Task force probing whether banks broke federal laws during home seizures
Wednesday, October 20, 2010; 12:11 AM
Federal investigators are exploring whether banks and other financial firms broke U.S. law when using fraudulent court documents to foreclose on people's homes, according to sources familiar with the effort.
The criminal investigation, still in its early days, is focused on whether companies misled federal housing agencies that now insure a large share of U.S. home loans, and whether the firms committed wire or mail fraud in filing false paperwork.
Although prosecutors across the country previously opened a patchwork of inquiries, a broader federal effort targeting companies that improperly evicted people from their homes is only now taking shape. This comes at the same time that investors have begun to hold firms accountable for selling securities composed of mortgages that were improperly serviced.
As part of this reckoning, the Federal Reserve Bank of New York has joined with some of the country's largest investors in seeking to force Bank of America to buy back about $47 billion worth of troubled home loans packaged into bonds by Countrywide Financial, which is owned by the bank. Along with its partners, the New York Fed, which invested in some of these bonds during the rescue of the financial system, is raising the prospect that Bank of America could be sued unless losses are recouped.
In recent weeks, senior lawmakers have called for a federal probe into the use of flawed foreclosure documents and improper practices. But Obama administration officials offered few details about how they were proceeding.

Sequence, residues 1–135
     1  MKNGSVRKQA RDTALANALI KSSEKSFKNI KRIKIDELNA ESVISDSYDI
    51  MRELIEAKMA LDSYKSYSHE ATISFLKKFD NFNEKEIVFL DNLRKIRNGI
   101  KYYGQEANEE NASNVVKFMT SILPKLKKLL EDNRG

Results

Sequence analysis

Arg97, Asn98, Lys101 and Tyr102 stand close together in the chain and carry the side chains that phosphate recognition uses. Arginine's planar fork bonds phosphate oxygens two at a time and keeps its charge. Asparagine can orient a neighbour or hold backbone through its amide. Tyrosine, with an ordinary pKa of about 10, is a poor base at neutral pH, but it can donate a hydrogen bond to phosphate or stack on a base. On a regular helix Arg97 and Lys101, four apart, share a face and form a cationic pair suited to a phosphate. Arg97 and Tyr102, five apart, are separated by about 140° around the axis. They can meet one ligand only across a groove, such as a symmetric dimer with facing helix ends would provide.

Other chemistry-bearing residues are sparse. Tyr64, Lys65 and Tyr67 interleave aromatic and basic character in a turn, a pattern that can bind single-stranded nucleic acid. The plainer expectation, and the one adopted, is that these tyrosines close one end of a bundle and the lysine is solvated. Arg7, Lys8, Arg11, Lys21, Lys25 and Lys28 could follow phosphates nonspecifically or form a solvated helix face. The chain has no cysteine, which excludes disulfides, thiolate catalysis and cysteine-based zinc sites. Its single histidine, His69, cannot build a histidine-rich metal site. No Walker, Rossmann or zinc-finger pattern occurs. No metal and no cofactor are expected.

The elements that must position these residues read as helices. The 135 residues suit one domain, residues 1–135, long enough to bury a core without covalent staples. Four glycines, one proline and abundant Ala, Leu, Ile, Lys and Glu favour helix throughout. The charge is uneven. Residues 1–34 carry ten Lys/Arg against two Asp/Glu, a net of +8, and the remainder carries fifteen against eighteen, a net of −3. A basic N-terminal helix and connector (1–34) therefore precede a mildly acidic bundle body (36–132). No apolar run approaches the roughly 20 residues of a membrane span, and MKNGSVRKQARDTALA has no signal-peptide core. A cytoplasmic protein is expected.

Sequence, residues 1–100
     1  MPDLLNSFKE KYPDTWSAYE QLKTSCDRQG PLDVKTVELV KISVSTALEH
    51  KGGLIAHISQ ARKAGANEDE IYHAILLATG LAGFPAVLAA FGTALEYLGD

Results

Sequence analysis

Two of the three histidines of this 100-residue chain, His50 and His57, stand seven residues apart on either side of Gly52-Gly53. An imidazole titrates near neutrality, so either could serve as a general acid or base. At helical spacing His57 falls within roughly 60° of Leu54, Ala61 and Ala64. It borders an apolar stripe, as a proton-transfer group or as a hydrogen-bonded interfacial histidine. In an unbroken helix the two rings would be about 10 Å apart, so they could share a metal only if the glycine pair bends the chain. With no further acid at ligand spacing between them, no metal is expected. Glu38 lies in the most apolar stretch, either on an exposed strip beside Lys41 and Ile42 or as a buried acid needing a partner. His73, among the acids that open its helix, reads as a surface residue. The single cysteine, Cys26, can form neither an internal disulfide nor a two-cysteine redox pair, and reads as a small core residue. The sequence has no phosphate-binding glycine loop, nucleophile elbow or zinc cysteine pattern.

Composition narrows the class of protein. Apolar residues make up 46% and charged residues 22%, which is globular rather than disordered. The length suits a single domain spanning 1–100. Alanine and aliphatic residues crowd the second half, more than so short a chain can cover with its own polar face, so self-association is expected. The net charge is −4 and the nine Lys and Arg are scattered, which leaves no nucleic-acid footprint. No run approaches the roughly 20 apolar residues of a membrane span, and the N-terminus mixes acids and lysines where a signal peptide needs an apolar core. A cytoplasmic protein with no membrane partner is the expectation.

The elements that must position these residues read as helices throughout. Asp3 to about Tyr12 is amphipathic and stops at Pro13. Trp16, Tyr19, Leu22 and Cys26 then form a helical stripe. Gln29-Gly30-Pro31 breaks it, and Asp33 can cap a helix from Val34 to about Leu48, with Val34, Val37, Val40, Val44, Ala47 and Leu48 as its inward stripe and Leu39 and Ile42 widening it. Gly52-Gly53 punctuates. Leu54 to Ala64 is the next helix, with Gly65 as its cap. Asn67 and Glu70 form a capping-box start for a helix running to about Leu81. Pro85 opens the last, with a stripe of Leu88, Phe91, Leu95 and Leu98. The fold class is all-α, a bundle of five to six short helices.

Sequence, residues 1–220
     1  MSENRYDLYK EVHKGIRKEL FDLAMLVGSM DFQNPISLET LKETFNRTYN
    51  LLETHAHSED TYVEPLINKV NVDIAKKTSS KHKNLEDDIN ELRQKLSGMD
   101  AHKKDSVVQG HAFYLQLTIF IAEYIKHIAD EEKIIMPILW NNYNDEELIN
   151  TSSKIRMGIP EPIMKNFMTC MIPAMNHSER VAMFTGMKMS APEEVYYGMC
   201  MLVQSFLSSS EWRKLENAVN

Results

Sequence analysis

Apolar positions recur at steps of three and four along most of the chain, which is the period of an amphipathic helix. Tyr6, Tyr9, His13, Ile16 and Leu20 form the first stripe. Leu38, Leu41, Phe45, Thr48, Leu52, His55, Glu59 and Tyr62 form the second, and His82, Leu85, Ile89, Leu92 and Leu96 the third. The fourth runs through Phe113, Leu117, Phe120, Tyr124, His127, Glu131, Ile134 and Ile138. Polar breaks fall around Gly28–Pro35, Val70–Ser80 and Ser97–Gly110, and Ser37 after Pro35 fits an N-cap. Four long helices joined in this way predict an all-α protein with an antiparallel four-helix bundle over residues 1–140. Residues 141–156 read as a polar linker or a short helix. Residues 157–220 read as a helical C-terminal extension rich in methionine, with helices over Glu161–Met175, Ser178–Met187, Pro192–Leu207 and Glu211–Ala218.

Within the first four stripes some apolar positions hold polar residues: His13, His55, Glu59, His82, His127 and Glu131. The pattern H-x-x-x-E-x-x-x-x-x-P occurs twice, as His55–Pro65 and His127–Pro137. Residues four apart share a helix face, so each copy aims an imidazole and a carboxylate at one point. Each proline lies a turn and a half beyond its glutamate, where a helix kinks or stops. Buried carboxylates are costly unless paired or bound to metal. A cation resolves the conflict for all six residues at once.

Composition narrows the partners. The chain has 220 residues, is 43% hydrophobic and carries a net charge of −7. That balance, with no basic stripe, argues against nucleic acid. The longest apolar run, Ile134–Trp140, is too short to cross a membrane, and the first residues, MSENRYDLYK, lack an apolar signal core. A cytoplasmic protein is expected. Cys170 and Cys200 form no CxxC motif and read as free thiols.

In addition to the probe, the administration is seeking to send the message that it will hold banks accountable for illegal foreclosures, despite deflecting calls by some lawmakers and consumer advocates for a national moratorium on home seizures until cases can be reviewed.
Members of President Obama's Financial Fraud Enforcement Task Force and other administration officials are scheduled to meet Wednesday to discuss the foreclosure crisis. That is to be followed by a White House news briefing led by Housing andUrban Development Secretary Shaun Donovan.
"In more than 25 years dealing with major financial crisis issues, I have never seen this many agencies focused on a single issue," said Andrew Sandler, a lawyer who works on government investigations. "We are beginning to see signs of extensive governmental investigation that may also have criminal law implications."
Federal law enforcement officials usually have little authority to prosecute cases involving foreclosure law because they are largely in the states' domain. But according to sources familiar with the investigation, the federal government has both an interest and the grounds to prosecute the abuses because housing agencies under HUD, particularly the Federal Housing Administration and Ginnie Mae, play a major role in insuring U.S. home loans.
After reports surfaced in recent weeks that large banks filed court documents across the country that had not been properly prepared or reviewed, federal investigators want to determine whether similar paperwork was submitted to housing agencies to get insurance payouts, the source said.
In some cases, bank employees have acknowledged signing documents without reviewing them. If similar filings were made to housing agencies, this could violate federal law, which makes it a crime to lie about substantive matters to the federal government.
Investigators are also looking at whether the transfer of mortgage and foreclosure documents through the mail and computer networks would allow the federal government to make a legal case on charges of mail and wire fraud.